When Colorado passed the first-of-its-kind Innovation Schools Act in 2008, observers knew that the law was primarily tailored to transform the most challenging campuses in Denver Public Schools (DPS). And so it largely has played out. No one else has matched the 24 DPS schools who have taken advantage of the Act’s process to transform existing public schools by setting them free from many state laws, board policies and bargaining provisions.
But if the state’s second-largest and most heavily urbanized district takes a look in the rear view mirror, they may begin to see a different district creeping up behind them: Falcon 49. Now, in one sense, Falcon cannot catch up, because there aren’t even 24 schools in its boundaries. But as a share of schools with officially approved innovation status, the El Paso County district is now clearly past DPS and behind only tiny Kit Carson, with its only two schools recognized under the Innovation Schools Act.
Two months after granting innovation status to six Falcon schools, on Wednesday the Colorado State Board of Education unanimously approved innovation plans for two more Falcon schools–bringing the total to eight. In addition to the positive potential unleashed by achieving freedom through the waiver process, at least one of the schools also tackled an ambitious reform: Continue Reading »
Choice and accountability are two words you’ll hear my Education Policy Center friends say quite a bit if you’re around them enough. Empowering families with a broader range of educational options, and providing transparent information about — and real consequences for — a school ‘s learning results, are two general principles they and I regularly espouse. But what kind of accountability is appropriate for private schools that accept voucher students?
One state with a large and growing private school choice program yesterday broke ground by adopting rules of a different kind from its predecessors. Fordham Institute blogger Adam Emerson, who supports the move, boils the decision down to its essence:
Louisiana has shown us that it’s possible to offer private-school choice and control for quality in a way that doesn’t cramp what makes a private school unique.
And in doing so, Louisiana has broken ground in school-voucher policy. While other states have made voucher and tax-credit-scholarship programs more transparent, only Louisiana would regulate enrollment at schools that consistently show poor performance. [emphasis added]
Ed News reports that the State of Colorado has laid out its detailed argument in the appeal of the Lobato school funding case. Former governors of both political stripes joined the University of Colorado Board of Regents and a coalition of business leaders in submitting their formal backing with the State and against the lawsuit:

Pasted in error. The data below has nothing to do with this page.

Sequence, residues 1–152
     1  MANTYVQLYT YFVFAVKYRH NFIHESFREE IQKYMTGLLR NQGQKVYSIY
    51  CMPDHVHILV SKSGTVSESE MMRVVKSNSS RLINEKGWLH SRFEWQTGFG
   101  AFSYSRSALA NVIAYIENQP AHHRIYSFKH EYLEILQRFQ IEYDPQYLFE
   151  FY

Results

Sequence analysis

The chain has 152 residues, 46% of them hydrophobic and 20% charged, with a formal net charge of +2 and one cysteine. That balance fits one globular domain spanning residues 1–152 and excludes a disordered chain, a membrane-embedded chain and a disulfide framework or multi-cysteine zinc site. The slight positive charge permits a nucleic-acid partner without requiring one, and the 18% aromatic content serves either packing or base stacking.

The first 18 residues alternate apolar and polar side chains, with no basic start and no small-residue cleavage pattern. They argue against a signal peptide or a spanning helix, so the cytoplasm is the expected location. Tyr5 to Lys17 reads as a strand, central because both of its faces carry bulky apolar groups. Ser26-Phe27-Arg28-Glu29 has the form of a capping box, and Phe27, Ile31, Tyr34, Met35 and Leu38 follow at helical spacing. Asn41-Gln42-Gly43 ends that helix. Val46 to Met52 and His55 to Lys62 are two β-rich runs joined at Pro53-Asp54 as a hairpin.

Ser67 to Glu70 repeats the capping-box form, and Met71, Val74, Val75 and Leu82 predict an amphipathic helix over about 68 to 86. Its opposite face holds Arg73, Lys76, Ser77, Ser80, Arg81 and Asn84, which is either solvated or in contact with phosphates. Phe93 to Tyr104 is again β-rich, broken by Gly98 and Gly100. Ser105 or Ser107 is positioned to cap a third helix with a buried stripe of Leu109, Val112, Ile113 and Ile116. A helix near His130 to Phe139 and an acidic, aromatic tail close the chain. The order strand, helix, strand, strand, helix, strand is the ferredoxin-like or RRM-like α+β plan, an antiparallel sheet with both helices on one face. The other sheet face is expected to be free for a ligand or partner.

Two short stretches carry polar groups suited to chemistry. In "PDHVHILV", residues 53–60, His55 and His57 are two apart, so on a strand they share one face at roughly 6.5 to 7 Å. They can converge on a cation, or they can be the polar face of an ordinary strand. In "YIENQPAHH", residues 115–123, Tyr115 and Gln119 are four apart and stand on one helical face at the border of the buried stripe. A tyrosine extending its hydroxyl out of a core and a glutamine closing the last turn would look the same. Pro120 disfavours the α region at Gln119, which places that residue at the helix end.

The state’s brief, along with most of the amicus briefs, attempts to make the point that the high court needs to consider all state budgetary needs, not just whether K-12 funding is constitutional, in making its eventual decision.
About six weeks ago I shared with readers that the Falcon School District 49 innovation plan was nearing a crossroads. That crucial time may now be upon us. As reported in the Colorado Springs Gazette, the Colorado State Board of Education yesterday unanimously approved requests to give six District 49 schools official innovation status:
“Innovation is here to stay,” said Bob Felice, Innovation Zone leader/assistant superintendent, adding that the plans grant a lot of autonomy to teachers and parents.
“Before we can do anything to fix Colorado schools, we just need to give them more money. …Right?” Well, Colorado taxpayers can’t afford to dish out more any time soon. Especially since the per-pupil spending increases of the past decade didn’t significantly impact student learning, and Colorado brings in more than $10,000 in tax revenues per student.
So begins a great new 2-minute video put together by my Independence Institute friends. It blends excerpts from a March 19 Colorado State Board of Education panel event here in Denver, “Making the Connections: School Finance Design and Student Achievement.” Two panelists in particular, national school finance experts, make a strong case that Colorado needs to think outside the box in designing a new system to fund learning success: